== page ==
In the 2001-2010 decade, household formation averaged 888.5 thousand per year. Since those years included boom and bust years, this average, about 900 thousand per year, seems like a reasonable, probably optimistic forecast for the years ahead, given the likely further fall in house prices, high unemployment and declining real incomes in the years ahead. So if demand is averaging 900 thousand per year while supply runs 400 thousand, about 500 thousand of the excess housing inventory will be absorbed per annum. Consequently, it will take four or five years to absorb the 2 million to 2.5 million housing units, over and above normal working inventory, that we believe exist at a minimum.
Four or five years is plenty of time for the inventory overhang to depress prices another 20% as we’ve been forecasting. Prices, after reviving somewhat with the new homeowner tax credit, are now essentially back to their April 2009 lows (Chart 1). Another 20% drop would bring the total decline from the peak in April 2006 to 45% and take them back to their longrun flat trend (Chart 6). In that graph, median single-family house prices are corrected for two types of inflation. The first is general inflation affecting all goods and services. The second is the tendency over time of houses to get bigger and, therefore, intrinsically more expensive. As living standards rise, people want more bathroom, fancier kitchens, etc. in their homes. A further 20% price drop may be an optimistic forecast since declines tend to overshoot on the downside just as bubbles expand to the stratosphere.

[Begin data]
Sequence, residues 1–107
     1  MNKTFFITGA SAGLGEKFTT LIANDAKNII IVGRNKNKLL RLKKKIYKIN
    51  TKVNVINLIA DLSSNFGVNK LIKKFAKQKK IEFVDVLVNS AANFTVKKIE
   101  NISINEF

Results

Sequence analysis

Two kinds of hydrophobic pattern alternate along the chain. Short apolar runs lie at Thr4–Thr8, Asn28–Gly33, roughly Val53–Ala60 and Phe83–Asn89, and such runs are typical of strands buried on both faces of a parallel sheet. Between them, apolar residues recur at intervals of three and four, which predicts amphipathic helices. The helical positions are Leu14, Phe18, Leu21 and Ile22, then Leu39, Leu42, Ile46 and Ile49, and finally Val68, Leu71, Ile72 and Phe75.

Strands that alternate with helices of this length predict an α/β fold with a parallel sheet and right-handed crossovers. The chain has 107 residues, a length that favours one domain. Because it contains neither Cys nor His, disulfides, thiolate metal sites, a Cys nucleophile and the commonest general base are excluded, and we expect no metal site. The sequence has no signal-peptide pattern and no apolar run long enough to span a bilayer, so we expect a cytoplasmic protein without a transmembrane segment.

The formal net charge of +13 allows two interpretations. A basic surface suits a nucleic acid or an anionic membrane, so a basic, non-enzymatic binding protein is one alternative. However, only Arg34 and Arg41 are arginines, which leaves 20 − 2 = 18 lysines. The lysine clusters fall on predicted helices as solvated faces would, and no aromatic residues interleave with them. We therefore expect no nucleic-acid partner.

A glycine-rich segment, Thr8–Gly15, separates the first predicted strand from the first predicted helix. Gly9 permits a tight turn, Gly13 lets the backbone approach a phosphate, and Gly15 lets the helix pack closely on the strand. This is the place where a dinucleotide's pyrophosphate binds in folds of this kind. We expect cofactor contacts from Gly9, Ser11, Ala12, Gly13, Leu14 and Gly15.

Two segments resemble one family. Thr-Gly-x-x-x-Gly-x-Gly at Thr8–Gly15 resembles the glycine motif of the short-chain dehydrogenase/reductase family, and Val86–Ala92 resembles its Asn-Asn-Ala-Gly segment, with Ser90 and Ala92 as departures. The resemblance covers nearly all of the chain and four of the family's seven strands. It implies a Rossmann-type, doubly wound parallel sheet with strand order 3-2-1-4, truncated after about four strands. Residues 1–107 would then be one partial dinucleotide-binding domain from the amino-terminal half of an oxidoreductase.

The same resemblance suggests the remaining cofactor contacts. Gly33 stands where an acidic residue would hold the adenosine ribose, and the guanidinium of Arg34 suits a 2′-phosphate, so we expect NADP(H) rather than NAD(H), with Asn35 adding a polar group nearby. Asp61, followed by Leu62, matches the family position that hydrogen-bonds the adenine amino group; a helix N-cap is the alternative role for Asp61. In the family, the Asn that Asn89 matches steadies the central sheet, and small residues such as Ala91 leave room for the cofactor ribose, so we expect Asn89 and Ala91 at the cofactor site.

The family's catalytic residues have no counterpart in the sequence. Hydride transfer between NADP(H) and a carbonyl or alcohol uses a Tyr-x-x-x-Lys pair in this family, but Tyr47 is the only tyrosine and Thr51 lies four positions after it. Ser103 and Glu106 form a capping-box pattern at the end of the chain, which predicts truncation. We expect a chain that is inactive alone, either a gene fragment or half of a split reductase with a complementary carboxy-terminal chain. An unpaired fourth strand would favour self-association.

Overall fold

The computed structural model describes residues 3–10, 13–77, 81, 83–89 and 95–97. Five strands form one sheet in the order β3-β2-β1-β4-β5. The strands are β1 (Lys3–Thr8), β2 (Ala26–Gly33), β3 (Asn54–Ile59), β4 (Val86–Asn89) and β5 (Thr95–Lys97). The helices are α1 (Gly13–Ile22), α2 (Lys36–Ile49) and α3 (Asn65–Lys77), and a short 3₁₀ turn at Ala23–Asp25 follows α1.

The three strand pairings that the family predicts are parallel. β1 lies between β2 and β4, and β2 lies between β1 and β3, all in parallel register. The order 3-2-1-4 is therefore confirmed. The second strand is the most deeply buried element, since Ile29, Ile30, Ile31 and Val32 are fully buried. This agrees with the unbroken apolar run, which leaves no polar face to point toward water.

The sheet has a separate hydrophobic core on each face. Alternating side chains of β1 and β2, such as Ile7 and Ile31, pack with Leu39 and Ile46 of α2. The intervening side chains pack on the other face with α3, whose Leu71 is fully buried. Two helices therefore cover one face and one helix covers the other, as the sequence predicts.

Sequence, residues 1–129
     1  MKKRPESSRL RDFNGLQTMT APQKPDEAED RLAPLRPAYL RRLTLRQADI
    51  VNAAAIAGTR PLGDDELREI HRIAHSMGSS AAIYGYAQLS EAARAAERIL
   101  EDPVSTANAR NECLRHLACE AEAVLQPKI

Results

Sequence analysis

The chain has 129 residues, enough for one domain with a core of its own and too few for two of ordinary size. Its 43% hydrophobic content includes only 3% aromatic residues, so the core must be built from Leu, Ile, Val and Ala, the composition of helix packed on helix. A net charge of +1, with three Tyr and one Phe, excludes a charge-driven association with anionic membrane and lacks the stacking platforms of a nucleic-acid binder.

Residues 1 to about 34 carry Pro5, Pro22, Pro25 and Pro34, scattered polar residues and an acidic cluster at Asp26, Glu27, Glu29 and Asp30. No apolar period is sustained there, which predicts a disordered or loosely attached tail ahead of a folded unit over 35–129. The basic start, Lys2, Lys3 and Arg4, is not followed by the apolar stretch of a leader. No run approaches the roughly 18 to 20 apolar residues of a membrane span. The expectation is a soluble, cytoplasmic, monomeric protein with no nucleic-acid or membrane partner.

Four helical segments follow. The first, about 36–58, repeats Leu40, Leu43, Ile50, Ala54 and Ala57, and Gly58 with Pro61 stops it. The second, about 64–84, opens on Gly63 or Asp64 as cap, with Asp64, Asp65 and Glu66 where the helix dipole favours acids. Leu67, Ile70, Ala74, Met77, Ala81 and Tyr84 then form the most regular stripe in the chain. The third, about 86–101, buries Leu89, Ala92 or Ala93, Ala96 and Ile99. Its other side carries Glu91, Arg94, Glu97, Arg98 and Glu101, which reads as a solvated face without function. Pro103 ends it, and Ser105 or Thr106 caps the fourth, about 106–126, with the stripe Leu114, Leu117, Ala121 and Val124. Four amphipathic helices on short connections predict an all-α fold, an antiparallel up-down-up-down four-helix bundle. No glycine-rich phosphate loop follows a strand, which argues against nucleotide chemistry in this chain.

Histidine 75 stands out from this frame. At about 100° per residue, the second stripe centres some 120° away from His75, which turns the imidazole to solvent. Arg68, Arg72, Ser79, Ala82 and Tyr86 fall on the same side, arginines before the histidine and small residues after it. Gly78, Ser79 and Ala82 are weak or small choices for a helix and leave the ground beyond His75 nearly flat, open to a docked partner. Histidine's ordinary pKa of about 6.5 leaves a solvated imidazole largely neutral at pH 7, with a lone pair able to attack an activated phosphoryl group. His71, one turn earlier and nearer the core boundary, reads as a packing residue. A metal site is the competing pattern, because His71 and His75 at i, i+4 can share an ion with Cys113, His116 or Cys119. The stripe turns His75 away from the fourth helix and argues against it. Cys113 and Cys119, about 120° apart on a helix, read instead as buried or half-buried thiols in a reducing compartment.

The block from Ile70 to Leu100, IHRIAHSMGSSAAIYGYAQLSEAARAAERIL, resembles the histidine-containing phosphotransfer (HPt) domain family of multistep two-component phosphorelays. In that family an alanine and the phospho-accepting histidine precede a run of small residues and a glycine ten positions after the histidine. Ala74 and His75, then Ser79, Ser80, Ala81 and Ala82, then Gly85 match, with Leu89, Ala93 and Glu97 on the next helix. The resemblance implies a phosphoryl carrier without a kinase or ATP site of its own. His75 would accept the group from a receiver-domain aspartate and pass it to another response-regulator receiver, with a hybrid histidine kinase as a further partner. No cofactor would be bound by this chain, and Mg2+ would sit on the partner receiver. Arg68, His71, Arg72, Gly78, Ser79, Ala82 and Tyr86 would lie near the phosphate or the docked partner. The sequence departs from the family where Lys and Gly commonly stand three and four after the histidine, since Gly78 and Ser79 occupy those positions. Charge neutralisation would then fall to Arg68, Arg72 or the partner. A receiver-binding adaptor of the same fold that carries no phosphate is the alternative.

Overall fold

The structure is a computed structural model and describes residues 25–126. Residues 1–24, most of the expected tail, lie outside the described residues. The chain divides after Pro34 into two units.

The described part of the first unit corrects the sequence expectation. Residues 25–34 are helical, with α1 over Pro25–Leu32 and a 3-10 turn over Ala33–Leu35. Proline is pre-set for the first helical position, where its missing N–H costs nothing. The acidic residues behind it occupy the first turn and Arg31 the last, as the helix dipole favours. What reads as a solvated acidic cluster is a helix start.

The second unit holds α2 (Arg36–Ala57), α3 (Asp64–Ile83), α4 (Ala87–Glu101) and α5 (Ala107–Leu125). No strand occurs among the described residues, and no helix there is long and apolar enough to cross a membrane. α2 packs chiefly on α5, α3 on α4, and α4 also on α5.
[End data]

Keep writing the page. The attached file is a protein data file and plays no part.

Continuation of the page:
Other forecasters are coming into agreement with our forecast, dire as it is. The Dallas Federal Reserve Bank states that a 23% decline is needed to return house prices to their long-run trend. Prof. Robert Shiller of Yale says there is a “substantial risk” of another 15% or 20% decline in house prices. The NAR’s March survey of members revealed that 42% of everoptimistic realtors expect home prices in their areas to fall in the next 12 months. Starting last year, Shiller’s firm, Macro Markets LLC, asked us and 110 other housing experts to forecast house prices over the next five years. Since that survey commenced, we have consistently forecast a 20% cumulative decline for 2011-2013, with an 11% drop this year.